The future of AI may look a little less I, Robot and a little more Blade Runner.
Researchers at Caltech have built an artificial neural network made exclusively from manmade organic matter. One day, a more advanced version of the network could potentially diagnose diseases, make decisions, and even forge its own memories. For now, it is able to categorize handwritten numbers, as shown in a study published in the journal Nature.
Like all neural networks, it mimics processes that occur naturally in the human brain.
"Humans each have over 80 billion neurons in the brain, with which they make highly sophisticated decisions. Smaller animals such as roundworms can make simpler decisions using just a few hundred neurons," Lulu Qian, assistant professor of bioengineering at Caltech, said in a statement.
"In this work, we have designed and created biochemical circuits that function like a small network of neurons to classify molecular information substantially more complex than previously possible."
Unlike the vast majority of neural networks, it was developed in a test tube, is made from synthetic DNA, and resembles a "smart soup".
Why DNA? Single strands of DNA are built from the same four molecules (or nucleotides) – A, T, C, and G. This makes their reactions extremely easy to predict, whether or not they evolved naturally or were built in a lab.
To show that artificial intelligence can be "programmed" into synthetic biomolecular circuits, the team tested their creation using the handwriting challenge – a test that's extensively more difficult than it first appears thanks to the many variations and, occasionally, sloppiness of human handwriting.
Instead of using "visual handwriting", the team used a technique called "molecular handwriting". This means that the writing does not take the shape of a number or a letter. Rather, every single molecular number is comprised of 20 unique DNA strands, each selected from 100 molecules representing different pixels in any 10-by-10 pattern, that have been mixed together in a test tube. The neural network is able to identify the molecular number as one of nine digits between 1 and 9.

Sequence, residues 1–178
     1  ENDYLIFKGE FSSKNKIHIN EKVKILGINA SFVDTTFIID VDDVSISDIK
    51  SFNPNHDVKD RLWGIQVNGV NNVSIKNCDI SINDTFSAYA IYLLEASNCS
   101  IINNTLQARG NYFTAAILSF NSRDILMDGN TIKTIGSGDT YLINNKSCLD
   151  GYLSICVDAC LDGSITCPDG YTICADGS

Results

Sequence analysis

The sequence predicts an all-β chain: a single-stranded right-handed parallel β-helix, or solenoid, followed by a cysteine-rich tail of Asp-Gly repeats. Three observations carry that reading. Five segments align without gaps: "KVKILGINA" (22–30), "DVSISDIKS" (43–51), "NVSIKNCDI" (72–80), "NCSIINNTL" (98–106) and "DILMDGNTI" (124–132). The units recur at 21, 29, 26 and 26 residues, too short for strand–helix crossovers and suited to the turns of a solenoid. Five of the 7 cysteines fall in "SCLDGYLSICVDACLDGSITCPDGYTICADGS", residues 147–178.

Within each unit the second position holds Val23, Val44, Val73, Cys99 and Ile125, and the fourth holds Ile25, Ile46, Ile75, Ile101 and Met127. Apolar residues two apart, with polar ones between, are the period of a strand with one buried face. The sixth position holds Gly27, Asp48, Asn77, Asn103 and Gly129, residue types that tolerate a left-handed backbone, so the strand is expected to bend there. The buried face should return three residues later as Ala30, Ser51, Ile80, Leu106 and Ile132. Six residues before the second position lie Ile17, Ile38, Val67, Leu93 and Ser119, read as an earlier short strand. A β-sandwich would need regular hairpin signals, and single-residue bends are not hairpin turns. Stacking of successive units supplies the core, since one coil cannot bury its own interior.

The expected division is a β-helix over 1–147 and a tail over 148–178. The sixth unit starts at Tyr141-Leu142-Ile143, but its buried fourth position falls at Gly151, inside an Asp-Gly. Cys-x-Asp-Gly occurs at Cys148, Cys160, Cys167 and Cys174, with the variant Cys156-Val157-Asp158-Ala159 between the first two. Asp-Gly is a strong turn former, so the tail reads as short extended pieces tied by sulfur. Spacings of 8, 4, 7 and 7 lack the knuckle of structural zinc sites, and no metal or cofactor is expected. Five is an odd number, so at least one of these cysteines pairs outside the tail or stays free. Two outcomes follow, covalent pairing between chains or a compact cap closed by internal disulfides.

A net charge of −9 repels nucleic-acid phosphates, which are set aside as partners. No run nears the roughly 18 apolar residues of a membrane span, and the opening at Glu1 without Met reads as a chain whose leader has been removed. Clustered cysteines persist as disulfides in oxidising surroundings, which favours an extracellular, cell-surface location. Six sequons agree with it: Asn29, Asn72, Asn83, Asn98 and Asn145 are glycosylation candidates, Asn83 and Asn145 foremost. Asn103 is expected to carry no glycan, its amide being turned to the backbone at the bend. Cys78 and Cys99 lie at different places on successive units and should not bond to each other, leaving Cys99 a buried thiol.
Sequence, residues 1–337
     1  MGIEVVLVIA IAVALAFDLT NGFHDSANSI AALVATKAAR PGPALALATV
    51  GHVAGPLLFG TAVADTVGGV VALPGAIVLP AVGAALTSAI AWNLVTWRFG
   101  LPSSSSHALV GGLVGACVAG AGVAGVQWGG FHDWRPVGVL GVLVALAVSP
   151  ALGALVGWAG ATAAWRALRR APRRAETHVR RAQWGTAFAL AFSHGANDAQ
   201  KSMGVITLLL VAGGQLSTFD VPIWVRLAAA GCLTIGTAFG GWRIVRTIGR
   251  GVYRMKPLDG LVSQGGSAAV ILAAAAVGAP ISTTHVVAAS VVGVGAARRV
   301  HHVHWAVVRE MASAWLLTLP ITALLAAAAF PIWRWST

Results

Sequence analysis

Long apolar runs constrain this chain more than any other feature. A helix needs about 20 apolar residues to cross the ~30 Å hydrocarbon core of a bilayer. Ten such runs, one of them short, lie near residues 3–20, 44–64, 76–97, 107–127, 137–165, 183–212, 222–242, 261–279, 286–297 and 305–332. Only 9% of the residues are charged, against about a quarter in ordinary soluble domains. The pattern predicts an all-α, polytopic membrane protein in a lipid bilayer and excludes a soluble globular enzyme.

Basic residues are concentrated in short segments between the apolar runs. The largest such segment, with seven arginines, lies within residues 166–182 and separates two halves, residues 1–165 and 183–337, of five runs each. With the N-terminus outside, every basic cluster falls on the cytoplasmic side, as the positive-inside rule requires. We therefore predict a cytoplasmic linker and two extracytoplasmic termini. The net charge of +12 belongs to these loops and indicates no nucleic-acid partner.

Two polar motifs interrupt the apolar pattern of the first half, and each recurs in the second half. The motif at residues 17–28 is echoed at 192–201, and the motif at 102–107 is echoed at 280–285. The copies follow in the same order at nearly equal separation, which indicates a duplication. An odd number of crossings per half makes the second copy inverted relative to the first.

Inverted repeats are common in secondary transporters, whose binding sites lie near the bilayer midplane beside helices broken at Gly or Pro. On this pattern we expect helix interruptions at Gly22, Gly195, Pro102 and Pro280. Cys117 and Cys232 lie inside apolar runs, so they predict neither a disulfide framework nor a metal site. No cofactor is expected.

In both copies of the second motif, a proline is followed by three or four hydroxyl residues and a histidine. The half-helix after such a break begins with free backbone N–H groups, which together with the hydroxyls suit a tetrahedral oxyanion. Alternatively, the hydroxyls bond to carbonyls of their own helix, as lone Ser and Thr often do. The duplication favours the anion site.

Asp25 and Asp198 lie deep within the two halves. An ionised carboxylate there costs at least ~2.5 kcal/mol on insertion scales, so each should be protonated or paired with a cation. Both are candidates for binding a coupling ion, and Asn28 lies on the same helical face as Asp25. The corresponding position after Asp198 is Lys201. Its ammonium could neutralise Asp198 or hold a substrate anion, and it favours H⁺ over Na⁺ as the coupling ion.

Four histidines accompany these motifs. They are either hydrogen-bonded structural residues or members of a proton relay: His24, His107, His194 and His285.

The neural network was first put to work on a simple model that only required it to separate two digits, 6s and 7s. Using a so-called "winner takes all" approach and a type of DNA molecule nicknamed "the annihilator", it correctly identified 36 out of 36 handwritten numbers.
"The annihilator forms a complex with one molecule from one competitor and one molecule from a different competitor and reacts to form inert, unreactive species," first author and graduate student Kevin Cherry explained.
"The annihilator quickly eats up all of the competitor molecules until only a single competitor species remains. The winning competitor is then restored to a high concentration and produces a fluorescent signal indicating the networks' decision."
Next, it upgraded to a more advanced model requiring it to sort between nine digits between 1 and 9. Again, it was successful.
While it may be some time before we see anything vaguely Blade Runner-esque, it could pave the way for a future where AI is more organic than mechanical.
"Though scientists have only just begun to explore creating artificial intelligence in molecular machines, its potential is already undeniable," Qian added.
"Similar to how electronic computers and smartphones have made humans more capable than a hundred years ago, artificial molecular machines could make all things made of molecules, perhaps including even paint and bandages, more capable and more responsive to the environment in the hundred years to come."